Given the significance of last week’s announcement of QE3 from Fed Chairman Ben Bernanke, I decided to repost the blog’s discussion of QE3 from our series on quantitative easing last fall. If you would like more information on historical uses of quantitative easing, or the past record of its implementation in the United States, I encourage you to look back at our five part discussion from November of 2011. While the economy has certainly changed since our series was introduced, here are the predictions of the implementation of QE3 and its possible effects that we made:
The implications of QEIII:
Since the conclusion of QE2, speculation has begun to intensify surrounding the potential of a third round of quantitative easing, as Chairman Bernanke said that the central bank was prepared to ease further “if economic growth and inflation falter again.” In August, Goldman Sachs economists released a report predicting a third round of easing, and in a CNBC poll from the same month, 46 percent of economists surveyed stated they believe that QE3 will occur, versus only 37 percent disagreeing. Yet while the specifics of the plan remain ambiguous, critics of such a move suggest that the consequences of such an action will have a similar effect to that of QE2, with unemployment remaining high and GDP growth low. Whereas deflation was a primary concern when considering QE2, it now appears that inflation is a realistic possibility, as the CPI has increased 3.6 percent over the past year, compared with a rate of 1.1 percent the year before. Further damaging the hypothetical effect of QE3 is political and economic turmoil both domestically and abroad. The S&P downgrade of U.S. debt, as well as the debt crisis in Europe, has added greatly to an already elevated level of uncertainty within the global marketplace. As uncertainty was a major factor in limiting the impact of QE2, firms and individual consumers seem to be more nervous than ever, making them less likely to spend or invest due to the difficulty of measuring the riskiness of their future cash flows. “Monetary policy should help economic activity, but right now it’s just not working,” states Guy LeBas of Janny Montgomery Scott, “banks are taking that cash and just re-depositing it with the Fed. It’s not that banks don’t want to loan money, it’s because they can’t. There’s very little loan demand out there from consumers and businesses”.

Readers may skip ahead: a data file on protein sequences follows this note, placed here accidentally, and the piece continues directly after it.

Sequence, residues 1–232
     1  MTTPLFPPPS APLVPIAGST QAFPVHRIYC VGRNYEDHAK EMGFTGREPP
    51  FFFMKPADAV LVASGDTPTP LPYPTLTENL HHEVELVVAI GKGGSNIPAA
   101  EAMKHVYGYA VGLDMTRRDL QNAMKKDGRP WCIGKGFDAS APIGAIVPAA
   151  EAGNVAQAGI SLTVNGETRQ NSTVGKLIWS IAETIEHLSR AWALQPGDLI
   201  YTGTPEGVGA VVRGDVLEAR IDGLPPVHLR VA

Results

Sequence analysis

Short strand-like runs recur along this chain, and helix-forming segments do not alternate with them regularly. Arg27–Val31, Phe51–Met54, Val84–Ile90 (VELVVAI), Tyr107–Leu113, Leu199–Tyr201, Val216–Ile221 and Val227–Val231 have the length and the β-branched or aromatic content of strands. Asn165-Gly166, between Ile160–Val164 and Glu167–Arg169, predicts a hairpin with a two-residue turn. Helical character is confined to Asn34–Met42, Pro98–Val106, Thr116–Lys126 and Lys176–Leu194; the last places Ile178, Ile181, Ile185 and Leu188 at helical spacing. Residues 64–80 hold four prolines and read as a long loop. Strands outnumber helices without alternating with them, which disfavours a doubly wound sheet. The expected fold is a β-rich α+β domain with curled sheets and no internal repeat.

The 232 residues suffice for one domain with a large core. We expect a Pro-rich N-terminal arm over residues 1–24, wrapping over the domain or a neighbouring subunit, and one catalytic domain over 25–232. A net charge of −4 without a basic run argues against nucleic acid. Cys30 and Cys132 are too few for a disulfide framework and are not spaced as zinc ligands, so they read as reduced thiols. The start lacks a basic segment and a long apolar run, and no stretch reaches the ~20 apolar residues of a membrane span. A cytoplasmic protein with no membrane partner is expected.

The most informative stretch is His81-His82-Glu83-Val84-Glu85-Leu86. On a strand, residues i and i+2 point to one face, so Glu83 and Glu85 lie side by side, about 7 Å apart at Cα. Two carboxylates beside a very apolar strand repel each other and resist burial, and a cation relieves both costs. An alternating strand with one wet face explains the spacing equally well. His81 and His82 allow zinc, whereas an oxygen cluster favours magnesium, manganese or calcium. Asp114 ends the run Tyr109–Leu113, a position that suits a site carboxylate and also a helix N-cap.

Another cause for concern when considering the ramifications of a third round of quantitative easing is the impact it may have on the United States image and faith in the dollar abroad. When word of QE2 first broke, many countries around the globe were already in strong opposition given the programs devaluing effect on the dollar. A devalued dollar does not only damage emerging economies, however, as many developed nations have called the Fed’s weak dollar policies currency manipulation which gives the country an unfair advantage in exports. Such international hostility can not only undermine economic recovery efforts, but also threaten long term prospects for the United States as a global economic leader. It is not unfeasible to believe that should the U.S. continue to antagonize countries abroad by weakening the dollar, the world’s leading economies may ultimately drop the dollar as the world’s reserve currency. According to a recent poll of central bank managers, a majority believes that the U.S. will lose this privilege within the next 25 years and be replaced by a basket of currencies. China has already taken action to negotiate deals without the use of dollars, “China supported a Russian proposal to start direct trading using the yuan and the ruble rather than pricing their trade or taking payment in U.S. dollars or other foreign currencies. China then negotiated a similar deal with Brazil.” Many of those who believe a shift in the reserve currency is coming point directly to the Federal Reserve’s expanded balance sheet and inflationary actions as exacerbating a trend away from the dollar as reserve currency, especially as growing economic powers such as China and Russia hold increasing amounts of U.S. debt.